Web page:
|Publication number||US4818469 A|
|Application number||US 06/923,629|
|Publication date||Apr 4, 1989|
|Filing date||Oct 27, 1986|
|Priority date||Oct 28, 1985|
|Also published as||DE3538306C1|
|Publication number||06923629, 923629, US 4818469 A, US 4818469A, US-A-4818469, US4818469 A, US4818469A|
|Original Assignee||Deutsche Gesellschaft Fur Wiederaufarbeitung Von Kernbrennstoffen Mbh|
|Export Citation||BiBTeX, EndNote, RefMan|
|Patent Citations (9), Non-Patent Citations (2), Referenced by (2), Classifications (20), Legal Events (4)|
|External Links: USPTO, USPTO Assignment, Espacenet|
The present invention relates generally to a seal for turning valve bodies and more particularly to valves used in nuclear-engineering plants.
From DE-OS No. 2,748,135 it is known to use a flexible graphite laminate as one of the materials for sealings and packings, whereby the laminate is applied to other materials for example a suitable metal. DE-OS No. 2,612,296 and DEP No. 2,039,355 also describe the use of flexible graphite material in the fabrication of seals.
Flexible graphite materials are generally known according to the state of the art and are described, in addition to the aforecited publications, in DE-OS No. 2,855,408 and DE-OS No. 3,117,567. The essential advantages of flexible graphite materials may be found in the following properties:
The materials are liquid- and gas-tight:
they are highly temperature-resistant;
they are resistant to radiation;
They are resistant to most chemicals; and
they have great flexibility and good elasticity and, in some applications, they also act as a self-lubricating seal
The latter property, however, is coupled with the disadvantage that in a frequently actuated valve, the graphite material is relatively quickly worn off. In general terms, the useful life of such a seal is relatively short. In valves employed in radioactive plants, e.g., in plants for the reprocessing of nuclear fuel, the useful life of the valve is of special importance inasmuch as the replacement of worn-off parts in radioactive plants is very costly because the operation of the plant must be temporarily stopped, which naturally is extremely undesirable.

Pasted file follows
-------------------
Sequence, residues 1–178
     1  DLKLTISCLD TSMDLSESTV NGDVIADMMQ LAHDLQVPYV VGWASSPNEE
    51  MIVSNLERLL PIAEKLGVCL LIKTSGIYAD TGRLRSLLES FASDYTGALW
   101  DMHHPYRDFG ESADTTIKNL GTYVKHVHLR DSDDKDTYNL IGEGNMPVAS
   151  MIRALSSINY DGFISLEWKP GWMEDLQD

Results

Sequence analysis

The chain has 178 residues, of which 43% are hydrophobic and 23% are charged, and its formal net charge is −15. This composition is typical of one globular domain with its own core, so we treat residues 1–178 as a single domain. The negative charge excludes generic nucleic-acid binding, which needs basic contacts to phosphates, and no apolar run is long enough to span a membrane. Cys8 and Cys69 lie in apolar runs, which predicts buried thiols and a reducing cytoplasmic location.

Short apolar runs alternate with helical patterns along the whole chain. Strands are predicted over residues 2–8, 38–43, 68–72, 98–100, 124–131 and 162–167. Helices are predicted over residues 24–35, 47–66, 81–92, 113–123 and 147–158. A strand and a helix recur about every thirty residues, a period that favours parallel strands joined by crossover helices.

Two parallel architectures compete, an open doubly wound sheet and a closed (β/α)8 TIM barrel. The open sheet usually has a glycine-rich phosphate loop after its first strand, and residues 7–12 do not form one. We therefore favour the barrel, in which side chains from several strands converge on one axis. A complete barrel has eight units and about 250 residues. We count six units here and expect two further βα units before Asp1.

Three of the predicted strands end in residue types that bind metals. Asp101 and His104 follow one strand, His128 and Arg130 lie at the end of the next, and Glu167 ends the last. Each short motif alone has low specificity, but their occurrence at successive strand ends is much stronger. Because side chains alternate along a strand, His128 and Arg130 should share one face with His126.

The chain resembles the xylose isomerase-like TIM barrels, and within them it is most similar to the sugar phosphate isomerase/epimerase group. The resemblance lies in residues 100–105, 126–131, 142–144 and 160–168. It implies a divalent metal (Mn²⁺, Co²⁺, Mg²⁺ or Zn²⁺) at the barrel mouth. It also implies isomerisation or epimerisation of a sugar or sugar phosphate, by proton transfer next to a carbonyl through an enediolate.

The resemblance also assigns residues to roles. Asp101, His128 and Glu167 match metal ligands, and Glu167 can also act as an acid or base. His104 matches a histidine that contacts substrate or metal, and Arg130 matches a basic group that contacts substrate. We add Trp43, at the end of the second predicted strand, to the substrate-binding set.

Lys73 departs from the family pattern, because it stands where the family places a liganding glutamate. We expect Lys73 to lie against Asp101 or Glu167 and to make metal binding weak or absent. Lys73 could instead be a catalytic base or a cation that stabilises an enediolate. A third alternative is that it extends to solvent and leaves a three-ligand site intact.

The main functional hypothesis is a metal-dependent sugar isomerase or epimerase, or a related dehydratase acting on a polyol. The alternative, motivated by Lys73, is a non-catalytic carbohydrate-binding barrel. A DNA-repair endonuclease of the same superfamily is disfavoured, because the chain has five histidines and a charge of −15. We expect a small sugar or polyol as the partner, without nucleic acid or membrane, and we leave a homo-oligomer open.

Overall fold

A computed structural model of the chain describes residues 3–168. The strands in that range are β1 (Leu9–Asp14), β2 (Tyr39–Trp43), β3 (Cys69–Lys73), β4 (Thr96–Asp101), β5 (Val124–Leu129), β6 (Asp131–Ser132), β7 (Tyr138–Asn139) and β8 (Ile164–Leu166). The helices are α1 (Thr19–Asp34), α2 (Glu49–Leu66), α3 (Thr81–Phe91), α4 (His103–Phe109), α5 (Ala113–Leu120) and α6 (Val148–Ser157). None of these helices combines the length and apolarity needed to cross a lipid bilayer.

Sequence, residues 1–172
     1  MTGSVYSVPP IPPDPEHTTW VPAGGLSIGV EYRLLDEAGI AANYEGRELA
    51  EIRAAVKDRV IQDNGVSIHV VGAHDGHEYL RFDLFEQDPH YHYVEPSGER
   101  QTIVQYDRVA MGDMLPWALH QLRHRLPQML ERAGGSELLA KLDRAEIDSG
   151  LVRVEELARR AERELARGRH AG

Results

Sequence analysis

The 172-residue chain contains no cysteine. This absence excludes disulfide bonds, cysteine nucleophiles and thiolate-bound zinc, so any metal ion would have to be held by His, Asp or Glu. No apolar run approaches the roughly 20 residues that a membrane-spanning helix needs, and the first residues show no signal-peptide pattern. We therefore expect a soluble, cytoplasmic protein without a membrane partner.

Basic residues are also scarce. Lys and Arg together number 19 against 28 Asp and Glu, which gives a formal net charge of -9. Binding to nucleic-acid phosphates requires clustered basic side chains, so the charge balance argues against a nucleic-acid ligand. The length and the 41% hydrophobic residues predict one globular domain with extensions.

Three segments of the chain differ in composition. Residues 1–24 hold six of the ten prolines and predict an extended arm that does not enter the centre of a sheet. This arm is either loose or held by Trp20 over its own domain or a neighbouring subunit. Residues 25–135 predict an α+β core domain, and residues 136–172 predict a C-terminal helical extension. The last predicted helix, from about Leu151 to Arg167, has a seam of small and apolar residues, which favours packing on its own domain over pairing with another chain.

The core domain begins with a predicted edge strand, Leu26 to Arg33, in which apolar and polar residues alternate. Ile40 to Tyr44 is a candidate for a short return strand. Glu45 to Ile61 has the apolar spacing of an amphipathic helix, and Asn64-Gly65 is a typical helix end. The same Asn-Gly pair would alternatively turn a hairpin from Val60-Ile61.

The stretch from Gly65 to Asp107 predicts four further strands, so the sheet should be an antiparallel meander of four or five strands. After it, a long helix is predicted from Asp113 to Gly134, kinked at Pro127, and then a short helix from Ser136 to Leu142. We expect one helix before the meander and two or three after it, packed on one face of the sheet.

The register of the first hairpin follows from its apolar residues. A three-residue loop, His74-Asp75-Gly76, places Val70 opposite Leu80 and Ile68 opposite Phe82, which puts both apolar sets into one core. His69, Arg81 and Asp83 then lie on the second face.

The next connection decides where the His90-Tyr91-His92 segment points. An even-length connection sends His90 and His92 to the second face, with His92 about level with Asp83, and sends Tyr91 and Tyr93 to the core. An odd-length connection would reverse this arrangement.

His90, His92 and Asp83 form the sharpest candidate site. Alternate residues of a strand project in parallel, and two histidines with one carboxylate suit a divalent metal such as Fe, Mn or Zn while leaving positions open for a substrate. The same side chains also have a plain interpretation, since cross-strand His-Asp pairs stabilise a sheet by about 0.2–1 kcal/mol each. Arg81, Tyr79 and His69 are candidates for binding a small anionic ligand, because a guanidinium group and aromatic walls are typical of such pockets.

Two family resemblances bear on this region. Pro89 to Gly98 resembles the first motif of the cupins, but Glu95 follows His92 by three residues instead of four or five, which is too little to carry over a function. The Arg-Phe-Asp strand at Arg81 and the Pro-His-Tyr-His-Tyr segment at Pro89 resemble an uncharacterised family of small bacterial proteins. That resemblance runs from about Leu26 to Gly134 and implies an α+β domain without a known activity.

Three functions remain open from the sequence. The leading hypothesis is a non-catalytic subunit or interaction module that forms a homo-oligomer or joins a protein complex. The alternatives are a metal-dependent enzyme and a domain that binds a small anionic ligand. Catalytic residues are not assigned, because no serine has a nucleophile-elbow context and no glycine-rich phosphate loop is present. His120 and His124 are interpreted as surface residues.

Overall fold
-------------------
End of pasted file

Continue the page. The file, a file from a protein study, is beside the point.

Sealing materials of polytetrafluoroethylene plastics have not been found satisfactory since PTFE, even though chemically one of the most stable plastics, has very low radiation resistance and also has little resilience. In addition, various copolymers have been developed but their chemical stability, however, is small. For these reasons, it may be said that for the fluidized currents of the Purex process, no plastics are available for seals with a calculable useful life.
It is the purpose of the invention to improve the seal of the type described in such a manner that its useful life is increased.
This purpose is attained by the distinguishing features indicated in the appended claims. Advantageous embodiments and further refinements of the invention also become apparent from the appended claims.
In short, in accordance with the present invention, the seal composed of flexible graphite materials is coated with a thin, flexible layer of tantalum. Tantalum has excellent ductility which is highly desirable for the intended purpose. Tantalum also has very good sliding or lowfriction properties so that a seizing or jamming of the valve body does not occur. In acccordance with the present invention, the tantalum coating layer is sufficiently thin to remain flexible so that the good flexibilty properties of the graphite covered by tantalum are preserved.
It should also be stressed that the seal according to the present invention is likewise well suited for chemical plants in that tantalum is chemically very stable.
In the following description, the invention will be explained by way of an illustrative example of one embodiment wherein like reference characters designate like parts. In the drawing:
FIG. 1 is a fragmentary cross section through a valve with rotating valve body, according to one embodiment of the present invention;
FIG. 2 is an enlarged detail of part of the structure shown in FIG. 1;